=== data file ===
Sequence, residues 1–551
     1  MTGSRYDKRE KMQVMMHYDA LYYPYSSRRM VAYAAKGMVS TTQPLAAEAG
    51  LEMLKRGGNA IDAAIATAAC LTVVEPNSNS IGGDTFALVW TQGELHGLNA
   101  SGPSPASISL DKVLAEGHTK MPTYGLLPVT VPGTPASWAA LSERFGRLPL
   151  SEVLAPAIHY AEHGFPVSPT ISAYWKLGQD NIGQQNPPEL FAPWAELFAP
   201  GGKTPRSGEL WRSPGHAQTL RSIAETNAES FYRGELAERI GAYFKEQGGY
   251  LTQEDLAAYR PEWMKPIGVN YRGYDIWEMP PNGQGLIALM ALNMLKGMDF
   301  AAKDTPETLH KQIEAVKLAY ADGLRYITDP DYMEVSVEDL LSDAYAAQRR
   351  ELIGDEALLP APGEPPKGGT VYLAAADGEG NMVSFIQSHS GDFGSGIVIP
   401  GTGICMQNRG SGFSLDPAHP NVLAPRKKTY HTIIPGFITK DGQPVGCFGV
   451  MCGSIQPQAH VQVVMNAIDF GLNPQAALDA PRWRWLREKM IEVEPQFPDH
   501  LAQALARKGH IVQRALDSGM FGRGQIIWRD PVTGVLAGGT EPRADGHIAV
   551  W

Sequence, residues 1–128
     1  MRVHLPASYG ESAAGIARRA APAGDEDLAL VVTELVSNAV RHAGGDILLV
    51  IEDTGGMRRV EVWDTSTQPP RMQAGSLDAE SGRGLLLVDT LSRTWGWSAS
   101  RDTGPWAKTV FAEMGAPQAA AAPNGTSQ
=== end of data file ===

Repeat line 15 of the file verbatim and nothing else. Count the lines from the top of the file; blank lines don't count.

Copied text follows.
     1  MRVHLPASYG ESAAGIARRA APAGDEDLAL VVTELVSNAV RHAGGDILLV